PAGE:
The Rutland Herald is the oldest continuously family-owned newspaper in the United States published under the same name in the same city. Seven families have owned the Herald; the current owners are the Mitchell family.
Fifth-generation Vermonter Bob Mitchell, then the newspaper’s editor, bought the Herald from the Field family with partner Leroy Noble in 1947.
“I knew he [Bill Field] was entrusting the Herald to me because he thought I would manage it as nearly as possible like a public trust,” Mitchell remembered of William Field, himself a second-generation newspaper owner. The newspaper operates under the same philosophy today, in part due to a handshake agreement between Mitchell and the Noble family. When the Nobles decided to sell, they accepted a less lucrative offer from the Mitchells, rather than have the newspaper bought out by a national chain.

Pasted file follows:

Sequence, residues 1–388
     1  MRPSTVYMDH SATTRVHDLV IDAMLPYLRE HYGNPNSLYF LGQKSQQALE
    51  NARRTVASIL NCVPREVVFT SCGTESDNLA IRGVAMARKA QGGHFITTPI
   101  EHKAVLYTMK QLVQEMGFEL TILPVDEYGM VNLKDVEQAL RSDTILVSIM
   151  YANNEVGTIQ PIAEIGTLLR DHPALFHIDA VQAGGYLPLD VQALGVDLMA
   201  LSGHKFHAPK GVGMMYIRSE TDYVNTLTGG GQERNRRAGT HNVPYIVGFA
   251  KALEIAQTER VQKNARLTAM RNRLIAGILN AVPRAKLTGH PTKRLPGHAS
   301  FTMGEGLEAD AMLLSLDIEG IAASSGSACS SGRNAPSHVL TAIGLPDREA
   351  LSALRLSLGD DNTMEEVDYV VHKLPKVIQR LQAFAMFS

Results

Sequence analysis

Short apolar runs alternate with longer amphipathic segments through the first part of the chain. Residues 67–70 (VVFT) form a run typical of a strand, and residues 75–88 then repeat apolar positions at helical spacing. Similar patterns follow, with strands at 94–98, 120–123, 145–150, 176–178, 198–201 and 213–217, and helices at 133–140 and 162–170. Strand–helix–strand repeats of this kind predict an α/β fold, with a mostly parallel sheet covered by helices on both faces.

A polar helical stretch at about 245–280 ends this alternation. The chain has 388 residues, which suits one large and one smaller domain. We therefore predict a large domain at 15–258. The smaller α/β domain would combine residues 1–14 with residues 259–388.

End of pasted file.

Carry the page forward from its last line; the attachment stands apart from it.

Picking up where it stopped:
The Herald today does well what it has done throughout its life, as spelled out in the very first edition from Dec. 8, 1794: “…The end we mean to have steadily in view is, to make the Herald an Instructive, Entertaining, and Useful Paper, uninfluenced by parties, and as free as possible from any mixture of prejudice.”
The Herald is the only paper in Vermont to be honored with journalism’s highest award, the Pulitzer Prize, for principled editorials by David Moats about the debate over civil unions in 2000. The newspaper has also won dozens of awards for advertising, layout, reporting, public service and general excellence – just in this decade. Several of the Herald’s reporters and editors have gone on to win Pulitzers at other newspapers as well.
After Bob Mitchell’s death in 1993, his son R. John Mitchell became the publisher of the Rutland Herald.
Read the Pulitzer Prize-winning editorials by David Moats here.